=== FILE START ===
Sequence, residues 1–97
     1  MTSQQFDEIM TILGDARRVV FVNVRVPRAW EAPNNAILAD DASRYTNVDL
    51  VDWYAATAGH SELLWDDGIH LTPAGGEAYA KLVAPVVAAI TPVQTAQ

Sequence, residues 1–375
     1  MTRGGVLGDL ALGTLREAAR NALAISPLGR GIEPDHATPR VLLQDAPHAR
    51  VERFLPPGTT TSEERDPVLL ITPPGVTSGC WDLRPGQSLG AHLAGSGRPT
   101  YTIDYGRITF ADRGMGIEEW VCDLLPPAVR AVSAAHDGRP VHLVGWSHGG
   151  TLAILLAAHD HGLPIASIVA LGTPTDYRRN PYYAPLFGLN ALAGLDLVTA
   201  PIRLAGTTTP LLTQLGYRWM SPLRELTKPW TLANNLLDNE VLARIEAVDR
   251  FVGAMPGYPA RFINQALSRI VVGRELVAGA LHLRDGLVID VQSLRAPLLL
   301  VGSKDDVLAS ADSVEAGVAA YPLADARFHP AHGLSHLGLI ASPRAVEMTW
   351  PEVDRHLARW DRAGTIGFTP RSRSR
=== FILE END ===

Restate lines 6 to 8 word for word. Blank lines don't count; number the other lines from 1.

    51  VERFLPPGTT TSEERDPVLL ITPPGVTSGC WDLRPGQSLG AHLAGSGRPT
   101  YTIDYGRITF ADRGMGIEEW VCDLLPPAVR AVSAAHDGRP VHLVGWSHGG
   151  TLAILLAAHD HGLPIASIVA LGTPTDYRRN PYYAPLFGLN ALAGLDLVTA